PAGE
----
The Pagan Origins of May Day asks “Why did the Labour Movement choose May Day as International Labour Day? It’s more that May Day chose the Labour Movement. Unlike Easter, Whitsun or Christmas, May Day is the one festival of the year for which there is no significant church service. Because of this it has always been a strong secular festival, particularly among working people who in previous centuries would take the day off to celebrate it as a holiday, often clandestinely without the support of their employer. It was a popular custom, in the proper sense of the word – a people’s day – so it was naturally identified with the Labour and socialist movements and by the twentieth century it was firmly rooted as part of the socialist calendar.”

So now you know why everything shuts down on May 1. It’s a good idea to play it safe that day and stay away from parades and rallies that might prove explosive.

Gran Poder

The merging of pre-Columbian religions and the Roman Catholic faith created a number of religious observations, including the Fiesta del Gran Poder celebrated primarily in La Paz, Bolivia. The event began in the late 1930’s with a small number of dancers and is today a huge event.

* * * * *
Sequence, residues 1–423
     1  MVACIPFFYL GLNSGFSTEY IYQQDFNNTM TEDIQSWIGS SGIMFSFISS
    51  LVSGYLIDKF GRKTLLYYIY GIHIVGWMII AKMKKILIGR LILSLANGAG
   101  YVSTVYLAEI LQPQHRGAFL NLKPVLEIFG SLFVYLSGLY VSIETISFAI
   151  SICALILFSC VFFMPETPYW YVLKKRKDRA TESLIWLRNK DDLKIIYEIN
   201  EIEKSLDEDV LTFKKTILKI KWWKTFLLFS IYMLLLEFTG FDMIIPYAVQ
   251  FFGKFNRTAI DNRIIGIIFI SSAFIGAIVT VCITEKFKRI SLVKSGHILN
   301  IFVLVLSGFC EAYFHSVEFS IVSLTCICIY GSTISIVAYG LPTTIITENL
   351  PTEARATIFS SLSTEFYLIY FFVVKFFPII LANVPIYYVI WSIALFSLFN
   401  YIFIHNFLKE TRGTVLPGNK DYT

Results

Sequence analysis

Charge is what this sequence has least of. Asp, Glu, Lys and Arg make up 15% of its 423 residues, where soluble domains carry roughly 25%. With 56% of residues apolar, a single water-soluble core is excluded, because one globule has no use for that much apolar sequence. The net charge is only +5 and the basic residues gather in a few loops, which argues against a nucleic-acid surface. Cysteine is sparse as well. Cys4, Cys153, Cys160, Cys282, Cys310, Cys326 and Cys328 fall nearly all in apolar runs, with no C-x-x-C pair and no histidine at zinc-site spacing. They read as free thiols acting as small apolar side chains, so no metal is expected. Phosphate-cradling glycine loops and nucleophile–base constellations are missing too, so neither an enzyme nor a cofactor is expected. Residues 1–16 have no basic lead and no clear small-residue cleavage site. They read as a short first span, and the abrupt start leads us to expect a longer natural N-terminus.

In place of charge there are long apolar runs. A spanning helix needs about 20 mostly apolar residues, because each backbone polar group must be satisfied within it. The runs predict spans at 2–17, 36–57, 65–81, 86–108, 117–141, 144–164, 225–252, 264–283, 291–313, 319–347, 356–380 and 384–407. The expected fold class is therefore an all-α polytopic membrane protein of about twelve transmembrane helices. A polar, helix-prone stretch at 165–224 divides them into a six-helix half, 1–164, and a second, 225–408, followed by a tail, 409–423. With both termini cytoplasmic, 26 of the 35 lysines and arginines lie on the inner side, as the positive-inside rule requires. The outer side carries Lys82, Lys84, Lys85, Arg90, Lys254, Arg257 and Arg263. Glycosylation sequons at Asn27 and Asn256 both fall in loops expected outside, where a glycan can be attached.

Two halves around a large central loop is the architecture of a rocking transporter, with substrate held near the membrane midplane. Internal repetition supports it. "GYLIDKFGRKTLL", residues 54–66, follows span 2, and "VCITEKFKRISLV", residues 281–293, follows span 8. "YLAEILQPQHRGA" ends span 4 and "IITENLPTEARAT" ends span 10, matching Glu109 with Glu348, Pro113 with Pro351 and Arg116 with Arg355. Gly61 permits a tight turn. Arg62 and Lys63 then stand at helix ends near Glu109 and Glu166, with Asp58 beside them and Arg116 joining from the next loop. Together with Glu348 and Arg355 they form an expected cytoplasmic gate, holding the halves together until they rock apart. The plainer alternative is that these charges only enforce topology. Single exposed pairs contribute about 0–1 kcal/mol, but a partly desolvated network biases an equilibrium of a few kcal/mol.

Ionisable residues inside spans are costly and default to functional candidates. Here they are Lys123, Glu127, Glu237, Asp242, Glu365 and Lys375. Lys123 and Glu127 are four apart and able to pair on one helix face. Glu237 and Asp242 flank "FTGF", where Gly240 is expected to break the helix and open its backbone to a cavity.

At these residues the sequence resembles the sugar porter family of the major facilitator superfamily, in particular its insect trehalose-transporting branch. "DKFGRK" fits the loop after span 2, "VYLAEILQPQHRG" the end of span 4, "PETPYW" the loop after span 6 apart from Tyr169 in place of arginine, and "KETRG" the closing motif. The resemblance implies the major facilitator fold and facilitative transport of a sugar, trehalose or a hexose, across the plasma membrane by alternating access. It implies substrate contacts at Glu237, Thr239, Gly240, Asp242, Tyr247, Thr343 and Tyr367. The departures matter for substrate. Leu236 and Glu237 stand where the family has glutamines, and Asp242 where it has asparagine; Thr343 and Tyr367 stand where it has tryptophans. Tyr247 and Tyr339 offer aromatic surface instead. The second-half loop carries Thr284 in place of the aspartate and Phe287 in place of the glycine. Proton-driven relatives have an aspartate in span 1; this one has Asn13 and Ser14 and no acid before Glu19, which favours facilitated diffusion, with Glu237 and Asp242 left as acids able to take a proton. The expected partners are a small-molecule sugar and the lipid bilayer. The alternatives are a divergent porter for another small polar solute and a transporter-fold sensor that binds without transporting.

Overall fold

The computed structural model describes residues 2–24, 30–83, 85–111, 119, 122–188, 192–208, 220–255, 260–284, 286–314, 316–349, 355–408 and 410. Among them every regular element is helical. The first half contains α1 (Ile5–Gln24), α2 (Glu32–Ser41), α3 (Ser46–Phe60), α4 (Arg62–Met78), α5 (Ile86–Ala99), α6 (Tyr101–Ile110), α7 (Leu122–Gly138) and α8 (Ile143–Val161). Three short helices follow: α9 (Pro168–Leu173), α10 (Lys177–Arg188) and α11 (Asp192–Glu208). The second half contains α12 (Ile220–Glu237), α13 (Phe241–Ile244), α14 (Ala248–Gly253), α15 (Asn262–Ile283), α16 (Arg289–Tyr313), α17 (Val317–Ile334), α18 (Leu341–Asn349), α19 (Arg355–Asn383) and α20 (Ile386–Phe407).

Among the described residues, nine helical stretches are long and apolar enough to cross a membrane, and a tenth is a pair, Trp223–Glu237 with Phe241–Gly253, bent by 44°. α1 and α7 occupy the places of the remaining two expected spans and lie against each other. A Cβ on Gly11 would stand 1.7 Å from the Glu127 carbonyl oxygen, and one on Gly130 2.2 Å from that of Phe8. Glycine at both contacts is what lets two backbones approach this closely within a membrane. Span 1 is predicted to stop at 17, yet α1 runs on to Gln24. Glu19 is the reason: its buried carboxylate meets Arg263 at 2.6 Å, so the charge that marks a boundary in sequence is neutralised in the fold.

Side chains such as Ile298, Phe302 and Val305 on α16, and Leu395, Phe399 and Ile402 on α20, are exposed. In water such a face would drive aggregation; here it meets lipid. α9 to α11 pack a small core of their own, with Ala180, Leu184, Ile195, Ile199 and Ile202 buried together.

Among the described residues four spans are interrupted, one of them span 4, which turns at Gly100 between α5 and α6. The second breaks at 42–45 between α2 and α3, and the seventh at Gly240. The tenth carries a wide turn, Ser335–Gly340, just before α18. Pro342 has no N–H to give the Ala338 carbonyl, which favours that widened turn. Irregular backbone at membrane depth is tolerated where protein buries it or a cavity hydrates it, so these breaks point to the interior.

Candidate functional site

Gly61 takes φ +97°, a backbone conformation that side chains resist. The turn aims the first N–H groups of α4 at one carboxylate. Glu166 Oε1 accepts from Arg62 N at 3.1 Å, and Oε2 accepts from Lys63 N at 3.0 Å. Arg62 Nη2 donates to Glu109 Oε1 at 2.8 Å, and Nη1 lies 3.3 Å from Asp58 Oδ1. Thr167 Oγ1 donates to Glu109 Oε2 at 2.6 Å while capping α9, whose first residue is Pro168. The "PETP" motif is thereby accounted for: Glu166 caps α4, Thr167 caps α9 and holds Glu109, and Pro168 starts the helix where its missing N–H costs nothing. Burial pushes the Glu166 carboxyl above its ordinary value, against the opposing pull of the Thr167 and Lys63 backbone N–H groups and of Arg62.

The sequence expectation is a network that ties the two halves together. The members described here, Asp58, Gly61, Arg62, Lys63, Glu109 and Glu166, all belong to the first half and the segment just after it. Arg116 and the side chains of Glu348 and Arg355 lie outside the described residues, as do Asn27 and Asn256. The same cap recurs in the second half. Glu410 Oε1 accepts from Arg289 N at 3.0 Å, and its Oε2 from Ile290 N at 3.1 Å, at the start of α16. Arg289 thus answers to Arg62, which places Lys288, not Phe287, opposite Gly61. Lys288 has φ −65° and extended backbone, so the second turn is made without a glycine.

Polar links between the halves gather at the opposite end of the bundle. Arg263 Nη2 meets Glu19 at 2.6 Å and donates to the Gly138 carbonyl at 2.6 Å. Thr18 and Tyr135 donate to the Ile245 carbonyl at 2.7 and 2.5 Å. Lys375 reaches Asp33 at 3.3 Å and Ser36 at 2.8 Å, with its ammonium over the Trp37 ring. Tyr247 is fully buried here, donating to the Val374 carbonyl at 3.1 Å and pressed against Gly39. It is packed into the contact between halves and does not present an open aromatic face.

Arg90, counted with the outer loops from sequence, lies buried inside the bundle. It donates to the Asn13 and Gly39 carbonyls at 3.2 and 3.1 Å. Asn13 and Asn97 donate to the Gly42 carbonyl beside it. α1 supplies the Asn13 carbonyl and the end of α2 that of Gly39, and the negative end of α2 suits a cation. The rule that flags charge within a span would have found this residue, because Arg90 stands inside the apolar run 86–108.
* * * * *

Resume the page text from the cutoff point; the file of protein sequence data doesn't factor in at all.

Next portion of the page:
The festival centers around the devotion to Christ as the second person in the Holy Trinity based on an anonymous painting of the Trinity dating from the early XVII century. The three entities were painted withIndian or mestizo features. Though the Catholic church had forbidden human representations of the Holy Trinity, a young novice named Genoveva Carrión took it with her when she entered the Monasterio de la Purísima Concepción. When the religious order downsized, the painting found its way into different lay hands, finally ending up with Plácido López who lived in the barrio Chijini in la Paz.

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A small chapel was built to honor the Holy Trinity and then Bishop Augsto Scheifert direct two not-quite-expert artists to paint over the two side figures. They did so, but one, wanting to retouch the eyes, came back one night. When the remaining figure moved its head, the artist fled, but many favors or miracles were attributed to the Christ figure. Devotion grew and in 1939 the chapel was officially named Iglesia Parroquial del Gran Poder.

In the years since, the festival of El Gran Poder has grown into an international celebration. Parades and processions with the dark figure of the Christ (see photo), music and costumed dancers honoring cultural and ethnic backgrounds. Of these, La Morenada is the most famous.

Held annually at the beginning of June, the Fiesta del Gran Poder is La Paz’s biggest street party. Copious amount of local beers and food are consumed. Visitors wanting a place to stay during the celebrations make advance reservations.

Columbus Day

October 12 (or the nearest Monday to it) is traditionally celebrated throughout the Americas as the day Christopher Columbus arrived in 1492.

In English speaking countries, the day is celebrated as Columbus Day or Native American Day. In Spanish speaking countries and communities, is is known as Día de la Raza, the Day of the Race.